Mayor: Denver is not engaging in immigration enforcement

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DENVER — City leaders said Wednesday they want undocumented immigrants to be able to report crimes without fear of being deported — and they want to clarify that Denver does not engage in immigration enforcement.

A new version of the Public Safety Enforcement Priorities Act was announced Wednesday.

Denver Mayor Michael Hancock, and city council members Robin Kniech and Paul Lopez announced the policies at a news conference.

“In January, Denver and cities across the country were faced with a new reality: A White House that right from the start sought to bully us and to turn against certain residents in our community” Hancock said.

“The wave of fear that has been caused by this administration is unconscionable, and it requires us to take action to create stability and certainty in the face of such brazen, ill-informed and divisive decisions.

“There is a painful lack of leadership at the federal level, with a White House more focused on inflaming tensions and chaos than finding actual solutions.”

City leaders said the new ordinance is focused on “fostering the respect, trust and collaboration between community members, city officials and law enforcement that is critical to keeping Denver’s immigrant and refugee communities safe and thriving.”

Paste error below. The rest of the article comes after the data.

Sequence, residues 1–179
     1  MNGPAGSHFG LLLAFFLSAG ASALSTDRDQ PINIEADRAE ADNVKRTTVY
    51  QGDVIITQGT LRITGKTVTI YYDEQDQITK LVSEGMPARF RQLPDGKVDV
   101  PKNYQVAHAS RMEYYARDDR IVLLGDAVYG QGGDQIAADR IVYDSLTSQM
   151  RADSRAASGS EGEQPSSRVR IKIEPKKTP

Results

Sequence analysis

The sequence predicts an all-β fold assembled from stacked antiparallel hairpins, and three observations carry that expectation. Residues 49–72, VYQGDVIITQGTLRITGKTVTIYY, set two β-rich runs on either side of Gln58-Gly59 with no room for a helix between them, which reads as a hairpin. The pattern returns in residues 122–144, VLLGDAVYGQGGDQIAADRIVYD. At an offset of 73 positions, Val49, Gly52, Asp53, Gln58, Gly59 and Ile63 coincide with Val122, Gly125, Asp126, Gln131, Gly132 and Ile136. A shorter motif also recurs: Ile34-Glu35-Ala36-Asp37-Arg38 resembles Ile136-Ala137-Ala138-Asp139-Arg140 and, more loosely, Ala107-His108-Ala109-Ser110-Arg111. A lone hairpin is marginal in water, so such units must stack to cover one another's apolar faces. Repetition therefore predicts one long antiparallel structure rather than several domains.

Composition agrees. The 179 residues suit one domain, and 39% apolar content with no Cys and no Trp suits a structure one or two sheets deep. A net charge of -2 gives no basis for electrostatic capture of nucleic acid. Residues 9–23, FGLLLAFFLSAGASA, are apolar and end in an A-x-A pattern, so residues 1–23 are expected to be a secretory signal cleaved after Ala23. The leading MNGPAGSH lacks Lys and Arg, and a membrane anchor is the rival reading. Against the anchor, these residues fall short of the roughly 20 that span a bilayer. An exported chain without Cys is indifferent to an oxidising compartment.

“When immigrants fear city involvement in immigration enforcement they are less likely to trust police or fire officials, to report emergencies, or to testify or appear in court,” Lopez said.

“Our entire community is safest when everyone trusts and utilizes law enforcement agencies. Today, we are all standing together advocating for a path forward that will help reduce this fear.”

“We have carefully drafted this ordinance to maintain compliance with federal and state law while at the same time providing reassurance to our immigrant community,” Kniech stated. “Doing more than the law is not our obligation.

“We do not do civil immigration enforcement.”

Added Hancock: “With these next steps, Denver will send a clear message that every person, no matter their immigration status, can feel safe when interacting with the city and law enforcement, and know that our No. 1 priority is the safety and health of everyone in Denver.”

The ordinance will be filed with city council on Thursday. It will receive its first reading on Monday and a final reading on Aug. 28 along with a public hearing.

In addition, Hancock indicated the administration will continue its work with city council and stakeholders to develop a complementary executive order that will work to:

  • Create a legal defense fund
  • Establish a working group of subject matter experts, community stakeholders and city staff to track new developments and the impact of our policies in the changing immigration environment
  • Ensure city employees and law enforcement receive updated training
  • Help immigrants and refugees know their rights
  • Protect victims and witnesses regardless of their immigration status
  • Assist children and families who are separated

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